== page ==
How often do we, as parents, make sure that we choose a seat in a restaurant or meeting place that faces the main EXIT? Do we even realize the importance of doing so? We are so much more likely to recognize a potential threat when we “see it coming” our way. We can identify the odd behavior, the odd or inappropriate apparel, the things that our intuition tells us are “just not right” so that we can act immediately and instinctively to protect ourselves as well as others. We have a much better chance of intervening in a potential catastrophic situation—and protecting not only ourselves but those around us from impending disaster when we face the path of ingress/egress instead of sitting in an opposite-facing seat.
Once we’ve identified a potential threat, we need to know and understand our “options”. What should we choose to do about it? Do we have “escape options” or would it be better to “hide”? As parents, we inherently know the difference between “hiding”, also known as concealment, and “taking cover.” Hiding under a table or behind a chair would do little to protect me, personally, from the danger of any attack, much less gunfire, though it might conceal me from a bad guy IF and only IF said bad-guy had incredibly-bad eyesight! It might, however, be the perfect hiding-place for one of my more diminutive grandsons!
“Concealment” is defined, quite simply as hiding behind or under something. It’s quite possible that that particular hiding place might conceal me or one of my precious grandsons from a “bad guy”, yes, but simple concealment is no protection from a bullet.
When someone yells for you to, “Take cover!”, it means for you to immediately hide behind or under something that offers real protection from gunfire. This could be a concrete or brick wall, such as found in many commercial buildings nowadays. Typically, the kinds of metal doors found in many buildings prove to be better cover than is a wooden door of any kind. And if there happens to be a metal filing cabinet nearby that can be pushed up against said door, so much the better!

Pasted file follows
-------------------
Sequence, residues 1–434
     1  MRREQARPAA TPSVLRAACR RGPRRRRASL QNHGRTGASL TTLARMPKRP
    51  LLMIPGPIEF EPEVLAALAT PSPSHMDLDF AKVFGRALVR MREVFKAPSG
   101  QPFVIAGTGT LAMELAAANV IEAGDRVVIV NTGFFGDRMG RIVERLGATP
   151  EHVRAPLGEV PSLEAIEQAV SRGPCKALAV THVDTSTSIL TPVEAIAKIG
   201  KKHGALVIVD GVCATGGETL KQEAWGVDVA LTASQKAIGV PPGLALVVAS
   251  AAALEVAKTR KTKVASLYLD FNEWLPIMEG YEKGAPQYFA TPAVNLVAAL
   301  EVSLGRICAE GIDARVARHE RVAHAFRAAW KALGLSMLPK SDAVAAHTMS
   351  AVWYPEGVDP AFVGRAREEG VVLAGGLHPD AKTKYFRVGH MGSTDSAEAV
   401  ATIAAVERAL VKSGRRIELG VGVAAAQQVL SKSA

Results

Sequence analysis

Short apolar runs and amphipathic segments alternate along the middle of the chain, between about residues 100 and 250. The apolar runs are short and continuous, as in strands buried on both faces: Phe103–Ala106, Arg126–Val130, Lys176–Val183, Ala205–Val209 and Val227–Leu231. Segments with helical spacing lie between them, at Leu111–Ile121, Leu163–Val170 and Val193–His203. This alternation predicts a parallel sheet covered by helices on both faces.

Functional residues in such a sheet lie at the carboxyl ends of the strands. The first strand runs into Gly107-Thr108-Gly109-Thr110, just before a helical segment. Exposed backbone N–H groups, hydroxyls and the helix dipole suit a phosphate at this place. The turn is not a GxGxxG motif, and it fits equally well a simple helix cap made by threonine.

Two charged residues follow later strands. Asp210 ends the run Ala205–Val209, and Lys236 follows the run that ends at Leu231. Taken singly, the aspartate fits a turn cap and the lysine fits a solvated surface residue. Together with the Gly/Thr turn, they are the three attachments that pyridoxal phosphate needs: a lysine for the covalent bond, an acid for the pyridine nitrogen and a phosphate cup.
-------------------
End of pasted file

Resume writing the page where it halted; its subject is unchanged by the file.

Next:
The truth is that we need to take responsibility for and be pro-active about what happens in our day-to-day lives. It’s way more than just teaching our children! If we will personally be assertive enough to make sure that we procure that door-facing seat for ourselves—even to the point of asking our waitress to seat us at a different table—or being willing to wait for a different table to become available, if that is the only option—we can INFLUENCE our children and even those around us positively. Our kids will understand the importance of why we’re making those choices and, just possibly, they’ll begin to make those same choices for themselves—but we must take the effort to explain our actions so that they can develop an understanding.
After all, by very definition, it’s when we least expect it that “unexpected things” occur. Right? If we had any idea that something life-threatening or catastrophic would happen, we wouldn’t even be leaving our house that day, would we?
Please, too, be assertive when joining a friend who’s chosen the “more-desirable” seat…ask them to please exchange places with you and explain that it’s part of your “mitigation” training—to always have “eyes-on” the door—for their protection as well as your own. This revelation can be the beginning of a very worthwhile and life-changing conversation with your friend. One never knows whose life will be impacted positively by imparting such knowledge. And, truly, the life that is saved may be that of someone you love.